AT&T

AT&T’s Believe Chicago Initiative Celebrates Hiring of 500th Employee and Shares Progress Updates

AT&T Believe Chicago, an AT&T employee initiative to improve lives and lift Chicago neighborhoods most affected by gun violence and high unemployment, is a program of hope, opportunity and investment in our communities.

Less than a year into the effort, the impact is making a difference: We recently hired the 500th employee from the Believe Chicago neighborhoods, have contributed more than $3 million to community organizations and will open our first new retail store in the area later this month.

“The progress is real and it’s making a difference for our employees, customers, neighbors and friends who live and work in Chicago,” said John Donovan, CEO of AT&T Communications. “We’re not only taking this great model and customizing it for other cities, we’re also re-energizing other facets of our community engagement and Diversity & Inclusion programming.”

For example, we’ve expanded our diversity supplier program with a commitment to spend $3 billion with black suppliers across the U.S. by 2020. The commitment is inspired by community-driven initiatives, such as Believe Chicago, to help push economic growth and innovation.

Since 1968, AT&T has spent over $158 billion with minority, woman, service-disabled veteran, and LGBT businesses. AT&T’s Supplier Diversity program recently celebrated its 50th anniversary and refreshed its approach to focus our efforts on making meaningful and measurable contributions to the economic growth of diverse companies and communities. See our 2017 Diversity & Inclusion Annual Report to learn more.

We continue to invest in the communities we serve while further diversifying our suppliers.

Our $3 billion commitment aligns with our expanded approach and allows us the opportunity to simply do more within the black community.

Believe Chicago is hosting the AUDIENCE Network’s premiere of the new documentary, “Beacons of Hope – Stories of Strength from Chicago” on Monday night at the Kennedy-King College Theater. The documentary, slated for national release in March, features five extraordinary people and their efforts to improve the quality of life in Chicago’s 19 neighborhoods most impacted by gun violence.

Leave a Comment

Your email address will not be published. Required fields are marked *

*

Latest News

Nielsen Global Connect Welcomes Jacqueline Woods as Chief Marketing Officer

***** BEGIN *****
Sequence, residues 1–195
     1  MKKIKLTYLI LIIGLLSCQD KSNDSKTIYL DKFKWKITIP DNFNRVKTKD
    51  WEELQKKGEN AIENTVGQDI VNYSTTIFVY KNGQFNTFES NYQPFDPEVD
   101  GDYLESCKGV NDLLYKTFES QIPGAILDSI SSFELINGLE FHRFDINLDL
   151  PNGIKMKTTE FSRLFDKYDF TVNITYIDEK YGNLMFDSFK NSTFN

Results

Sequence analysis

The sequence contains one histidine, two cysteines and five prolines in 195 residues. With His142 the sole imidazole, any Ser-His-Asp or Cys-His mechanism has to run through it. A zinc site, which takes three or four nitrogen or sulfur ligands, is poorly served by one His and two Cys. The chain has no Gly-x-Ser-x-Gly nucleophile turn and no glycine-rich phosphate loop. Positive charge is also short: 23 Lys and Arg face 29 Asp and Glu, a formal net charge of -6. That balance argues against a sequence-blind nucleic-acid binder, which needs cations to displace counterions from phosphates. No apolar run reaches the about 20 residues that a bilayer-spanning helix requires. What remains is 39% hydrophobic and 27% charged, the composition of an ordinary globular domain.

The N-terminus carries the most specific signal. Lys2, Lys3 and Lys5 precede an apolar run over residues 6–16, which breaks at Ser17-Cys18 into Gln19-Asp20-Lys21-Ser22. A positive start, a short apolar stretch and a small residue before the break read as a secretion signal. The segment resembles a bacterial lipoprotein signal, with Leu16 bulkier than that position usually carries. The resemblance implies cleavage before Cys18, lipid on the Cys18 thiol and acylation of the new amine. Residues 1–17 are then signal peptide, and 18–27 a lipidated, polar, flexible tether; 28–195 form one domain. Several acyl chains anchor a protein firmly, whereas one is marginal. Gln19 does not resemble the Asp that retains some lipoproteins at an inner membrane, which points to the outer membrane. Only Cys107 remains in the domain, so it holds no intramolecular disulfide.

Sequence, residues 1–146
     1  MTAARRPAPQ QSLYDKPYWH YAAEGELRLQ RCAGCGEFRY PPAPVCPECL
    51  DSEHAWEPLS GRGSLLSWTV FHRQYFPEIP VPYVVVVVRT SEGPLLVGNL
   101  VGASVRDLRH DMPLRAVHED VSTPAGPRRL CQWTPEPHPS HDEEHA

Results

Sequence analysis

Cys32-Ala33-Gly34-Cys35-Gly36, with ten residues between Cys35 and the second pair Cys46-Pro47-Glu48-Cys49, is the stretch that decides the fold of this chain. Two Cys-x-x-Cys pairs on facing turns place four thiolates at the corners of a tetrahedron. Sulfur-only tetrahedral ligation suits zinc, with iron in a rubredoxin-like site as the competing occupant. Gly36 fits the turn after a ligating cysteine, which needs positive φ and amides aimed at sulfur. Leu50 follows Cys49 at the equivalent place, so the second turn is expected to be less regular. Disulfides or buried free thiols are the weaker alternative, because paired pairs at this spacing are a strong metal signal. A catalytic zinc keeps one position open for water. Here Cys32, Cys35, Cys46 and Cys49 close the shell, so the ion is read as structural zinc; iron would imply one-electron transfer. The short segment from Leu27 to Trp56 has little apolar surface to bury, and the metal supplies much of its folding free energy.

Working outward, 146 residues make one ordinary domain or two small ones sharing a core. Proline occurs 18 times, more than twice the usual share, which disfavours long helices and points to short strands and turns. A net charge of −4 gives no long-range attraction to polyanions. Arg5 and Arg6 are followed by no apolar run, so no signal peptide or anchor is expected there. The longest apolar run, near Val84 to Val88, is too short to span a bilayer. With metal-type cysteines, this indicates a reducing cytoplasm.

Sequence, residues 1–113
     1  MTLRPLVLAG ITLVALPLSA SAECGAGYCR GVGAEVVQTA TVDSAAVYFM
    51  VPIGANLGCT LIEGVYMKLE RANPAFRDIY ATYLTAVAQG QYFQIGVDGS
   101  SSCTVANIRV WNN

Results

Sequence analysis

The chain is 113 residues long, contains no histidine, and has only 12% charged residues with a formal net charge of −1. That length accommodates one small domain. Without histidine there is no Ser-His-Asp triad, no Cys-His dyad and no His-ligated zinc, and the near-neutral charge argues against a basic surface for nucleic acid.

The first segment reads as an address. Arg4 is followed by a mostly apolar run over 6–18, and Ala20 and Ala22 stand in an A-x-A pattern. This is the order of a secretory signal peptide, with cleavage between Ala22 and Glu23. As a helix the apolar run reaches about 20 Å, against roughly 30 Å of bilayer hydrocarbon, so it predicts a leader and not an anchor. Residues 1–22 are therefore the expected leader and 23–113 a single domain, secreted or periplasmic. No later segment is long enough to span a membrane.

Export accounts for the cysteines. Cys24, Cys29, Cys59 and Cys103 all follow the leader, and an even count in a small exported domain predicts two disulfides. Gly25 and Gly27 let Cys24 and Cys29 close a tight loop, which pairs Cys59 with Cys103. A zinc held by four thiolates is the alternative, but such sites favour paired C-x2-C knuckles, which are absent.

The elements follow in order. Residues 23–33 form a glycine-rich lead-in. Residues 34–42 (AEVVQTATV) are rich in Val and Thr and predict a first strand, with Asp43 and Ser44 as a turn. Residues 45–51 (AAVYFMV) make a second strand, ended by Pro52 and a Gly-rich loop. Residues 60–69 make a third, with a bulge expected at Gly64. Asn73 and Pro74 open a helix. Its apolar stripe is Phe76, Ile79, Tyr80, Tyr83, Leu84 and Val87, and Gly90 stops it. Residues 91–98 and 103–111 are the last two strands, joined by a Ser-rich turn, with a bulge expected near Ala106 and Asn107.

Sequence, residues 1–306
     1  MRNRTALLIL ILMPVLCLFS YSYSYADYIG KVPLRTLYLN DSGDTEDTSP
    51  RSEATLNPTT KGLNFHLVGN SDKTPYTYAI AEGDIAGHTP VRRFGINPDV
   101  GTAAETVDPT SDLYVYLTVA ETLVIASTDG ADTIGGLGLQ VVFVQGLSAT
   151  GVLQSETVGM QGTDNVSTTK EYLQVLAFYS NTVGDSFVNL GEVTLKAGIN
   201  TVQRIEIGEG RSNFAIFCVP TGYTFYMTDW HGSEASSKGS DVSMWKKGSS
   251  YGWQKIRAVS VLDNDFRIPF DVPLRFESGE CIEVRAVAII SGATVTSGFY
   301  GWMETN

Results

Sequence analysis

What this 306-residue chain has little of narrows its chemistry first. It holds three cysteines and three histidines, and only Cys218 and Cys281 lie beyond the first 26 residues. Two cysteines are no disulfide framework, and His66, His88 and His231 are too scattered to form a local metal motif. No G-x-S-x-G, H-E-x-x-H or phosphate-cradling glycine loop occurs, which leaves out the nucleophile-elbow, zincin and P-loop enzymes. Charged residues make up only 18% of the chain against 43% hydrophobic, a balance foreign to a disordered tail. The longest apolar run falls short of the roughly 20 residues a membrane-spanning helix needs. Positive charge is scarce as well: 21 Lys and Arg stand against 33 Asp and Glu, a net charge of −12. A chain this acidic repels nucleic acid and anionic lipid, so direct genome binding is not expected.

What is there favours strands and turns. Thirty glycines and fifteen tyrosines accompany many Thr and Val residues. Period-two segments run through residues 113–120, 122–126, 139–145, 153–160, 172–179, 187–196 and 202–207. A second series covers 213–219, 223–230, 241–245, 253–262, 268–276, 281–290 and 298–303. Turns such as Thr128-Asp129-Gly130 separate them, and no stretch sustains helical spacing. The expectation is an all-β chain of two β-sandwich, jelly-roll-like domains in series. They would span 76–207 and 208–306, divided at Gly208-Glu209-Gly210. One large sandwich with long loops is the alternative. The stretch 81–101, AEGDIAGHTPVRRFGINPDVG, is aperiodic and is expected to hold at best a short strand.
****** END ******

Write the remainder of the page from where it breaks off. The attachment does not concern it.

Originally published by Nielsen Nielsen (NYSE: NLSN) Global Connect today announced that veteran marketing leader Jacqueline Woods will join the company as Chief Marketing Officer (CMO) beginning Dec. 1, 2019. In this role, Ms. Woods will lead all aspects of global marketing, supporting the company’s transformation into an independent, publicly…

KPMG and the Latino Corporate Directors Association Examine Latino Representation in the Boardrooms of U.S. Corporations.

Originally Published by KPMG Latino representation on Fortune 1000 boards KPMG and the Latino Corporate Directors Association examine Latino representation in the boardrooms of U.S. corporations. The importance of the Latino community to the U.S. economy cannot be overstated. Latinos comprise just over 18% of the US population1 and this percentage…

gun violence

Gun Violence Victims Face Increased Risk of Unemployment, PTSD, Substance Abuse: Study

A new study by researchers at the University of Pennsylvania found that young people who had experienced gun violence had increased risks of post-traumatic stress disorder, unemployment and substance abuse. The study, published in the peer-reviewed medical journal JAMA Surgery, looked at 183 young adult patients with a median age…

employees discrimination stylists white Black hair natural hair discrimination complaints Sharon Dorram Sally Hershberger New York City Commission On Human Rights

Swanky Salon First Business Penalized Under New York’s Hair Discrimination Legal Guidelines

A swanky salon on Manhattan’s Upper East Side has been penalized under the city’s hair discrimination legal guidelines, New York City’s Human Rights Commission announced last week. Sharon Dorram Color at Sally Hershberger salon is the first business in New York City to face the consequences of discriminating against Black…